Producing Nomadland

by Elisabeth Jolly, Features Contributor
photo contributed by David Greenbaum

Growing up in upstate New York, David Greenbaum said that he did not have much exposure to the film industry. Now president of Searchlight Studios, an American film studio that was recently bought by Disney, Greenbaum has produced countless Academy Award-winning movies including “The Shape Of Water,” “The Favourite,” “Three Billboards Outside Ebbing Missouri” and “Jojo Rabbit.” Continuing in the same stride, his latest movie, “Nomadland,” has taken the world by storm. 

Despite his success in the industry, Greenbaum didn’t attend college for film; in fact, he said that it was only after he completed his undergraduate at Oxford University, while interning for former Israeli Prime Minister Shimon Peres, that he realized his love for filmmaking. 

During his time with Peres, Greenbaum produced a documentary about the Peres Center for Peace, which, among other contingent projects, opened his eyes to producing as a career.

“That was the first time that I had an opportunity to make and produce something. … You could actually tell stories to an audience,” Greenbaum said. “This was an extraordinary revelation for me.”

“Nomadland,” an adaptation of the novel by Jessica Bruder, narrates the stories of nomadic people in the U.S. It particularly follows one woman immensely affected by the Great Recession. The film examines the strong sense of community among the nomads, most of whom play themselves, as well as the phenomenon of the transient lifestyle in the 21st century.

Authenticity, combined with director Chloe Zhao’s unique style, made the film truly unique, Greenbaum said.

“Nomadland is scripted, but Chloe also does this interesting thing. Within each scene, she has lines that she wants the characters to say, but she allows people in the scenes and the moments to just speak,” he said. “That feeling of spontaneity and naturalism is what makes the movie feel so real because you never feel like the actors or the characters are ‘reading lines.’” 

Greenbaum said that through “Nomadland,” he came to understand the importance of encouraging all actors to approach their role in the way they feel most comfortable and confident doing.

“I learned that every actor has their own approach and also their own way of finding the character, so some actors are what we would call a ‘fully method.’ They almost live the life of the person that they’re portraying during the making of the movie,” he said.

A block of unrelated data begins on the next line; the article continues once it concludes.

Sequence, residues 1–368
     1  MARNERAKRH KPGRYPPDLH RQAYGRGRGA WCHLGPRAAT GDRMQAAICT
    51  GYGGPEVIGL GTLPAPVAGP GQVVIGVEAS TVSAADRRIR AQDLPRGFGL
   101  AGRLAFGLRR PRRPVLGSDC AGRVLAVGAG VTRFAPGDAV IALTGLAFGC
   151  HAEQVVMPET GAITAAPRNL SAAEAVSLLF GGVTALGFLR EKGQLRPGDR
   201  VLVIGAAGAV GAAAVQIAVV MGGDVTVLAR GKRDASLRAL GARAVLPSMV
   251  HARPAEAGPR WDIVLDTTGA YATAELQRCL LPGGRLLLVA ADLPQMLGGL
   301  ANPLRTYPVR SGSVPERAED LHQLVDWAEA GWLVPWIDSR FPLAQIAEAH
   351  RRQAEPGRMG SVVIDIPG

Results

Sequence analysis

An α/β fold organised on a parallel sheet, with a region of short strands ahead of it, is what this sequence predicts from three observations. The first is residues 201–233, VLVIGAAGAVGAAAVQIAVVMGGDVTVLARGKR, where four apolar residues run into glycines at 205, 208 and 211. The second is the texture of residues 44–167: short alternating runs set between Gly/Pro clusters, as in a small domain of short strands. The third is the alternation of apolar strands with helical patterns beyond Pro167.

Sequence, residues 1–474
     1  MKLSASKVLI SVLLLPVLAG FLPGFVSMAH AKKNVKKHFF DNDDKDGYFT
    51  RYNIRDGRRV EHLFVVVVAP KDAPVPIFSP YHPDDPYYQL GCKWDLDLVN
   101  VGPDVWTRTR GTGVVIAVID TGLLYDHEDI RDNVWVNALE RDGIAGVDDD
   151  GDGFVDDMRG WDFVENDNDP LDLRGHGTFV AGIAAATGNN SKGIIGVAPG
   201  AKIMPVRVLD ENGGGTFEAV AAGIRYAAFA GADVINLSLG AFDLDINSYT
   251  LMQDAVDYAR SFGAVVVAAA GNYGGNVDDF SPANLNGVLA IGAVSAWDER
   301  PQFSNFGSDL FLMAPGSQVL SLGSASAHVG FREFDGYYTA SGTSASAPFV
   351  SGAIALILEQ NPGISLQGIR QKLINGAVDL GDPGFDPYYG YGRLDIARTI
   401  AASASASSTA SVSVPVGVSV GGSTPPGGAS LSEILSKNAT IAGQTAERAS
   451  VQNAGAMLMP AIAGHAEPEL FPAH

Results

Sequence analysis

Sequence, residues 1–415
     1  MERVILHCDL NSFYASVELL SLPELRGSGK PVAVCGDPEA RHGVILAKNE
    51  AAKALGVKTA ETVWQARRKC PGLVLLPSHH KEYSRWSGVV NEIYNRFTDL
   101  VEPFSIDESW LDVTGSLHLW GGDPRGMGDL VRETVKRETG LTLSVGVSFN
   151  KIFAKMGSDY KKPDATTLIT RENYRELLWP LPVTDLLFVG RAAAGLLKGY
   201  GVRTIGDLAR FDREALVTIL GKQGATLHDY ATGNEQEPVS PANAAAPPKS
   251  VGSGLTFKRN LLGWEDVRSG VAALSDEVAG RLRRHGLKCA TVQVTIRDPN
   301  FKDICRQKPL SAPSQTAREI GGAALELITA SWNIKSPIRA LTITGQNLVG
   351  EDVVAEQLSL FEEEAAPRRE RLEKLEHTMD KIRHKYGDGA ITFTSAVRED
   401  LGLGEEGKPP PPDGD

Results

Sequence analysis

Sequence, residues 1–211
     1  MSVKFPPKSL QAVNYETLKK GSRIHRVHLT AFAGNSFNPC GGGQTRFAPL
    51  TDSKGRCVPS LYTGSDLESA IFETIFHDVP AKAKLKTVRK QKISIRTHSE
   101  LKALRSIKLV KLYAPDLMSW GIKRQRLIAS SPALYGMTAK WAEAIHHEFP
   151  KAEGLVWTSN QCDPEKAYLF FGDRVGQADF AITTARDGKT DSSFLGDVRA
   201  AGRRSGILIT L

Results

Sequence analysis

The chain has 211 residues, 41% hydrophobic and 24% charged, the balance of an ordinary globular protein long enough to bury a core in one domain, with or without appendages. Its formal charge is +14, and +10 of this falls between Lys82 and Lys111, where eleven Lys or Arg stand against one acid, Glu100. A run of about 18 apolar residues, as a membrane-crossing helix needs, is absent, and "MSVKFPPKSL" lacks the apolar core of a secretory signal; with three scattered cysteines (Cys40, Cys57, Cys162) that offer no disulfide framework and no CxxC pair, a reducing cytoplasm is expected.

The movie shows an interesting perspective on life and it teaches valuable life lessons, he said. 

“It’s about a woman who decides what she wants, and she’s driving into her own definition of what her life is going to look like. She’s not alone. The nomads will always welcome her. As Bob said, ‘I’ll see you down the road. I don’t know when, but I’ll see you down the road.’ That’s a beautiful metaphor for life,” he said. “At the end of the day, we’re all going down the road and hoping to find people along the way that we want to spend life with.”

Greenbaum said he would advise students interested in filmmaking to be resourceful and perseverant. 

 “When I was a kid, we would try to make movies, but we needed to have a camcorder, an editing machine and a bunch of other things that essentially were not available to anyone who wasn’t a professional. … It was so hard to imagine how you could ever make that a career because you couldn’t really do it unless you went to school for it,” he said. 

“Now the reality is that there are probably school projects that students have where [they’re] making movies or videos,” he said.

Additionally, Greenbaum said he would suggest independent research as a means of developing style..

“Learn the history of movies and to spend time looking at and exploring the kind of movies you love,” he said. “So much of the way I produce movies comes from films I grew up watching.”

Greenbaum said he recommends budding filmmakers watch movies such as “Citizen Kane,” “The Godfather,” “Lawrence of Arabia,” “Ferris Bueller’s Day Off” and “Pulp Fiction.”

“It’s not about red carpets and making money, it’s about telling great stories,” he said. “If you do that, then you’ll have success.”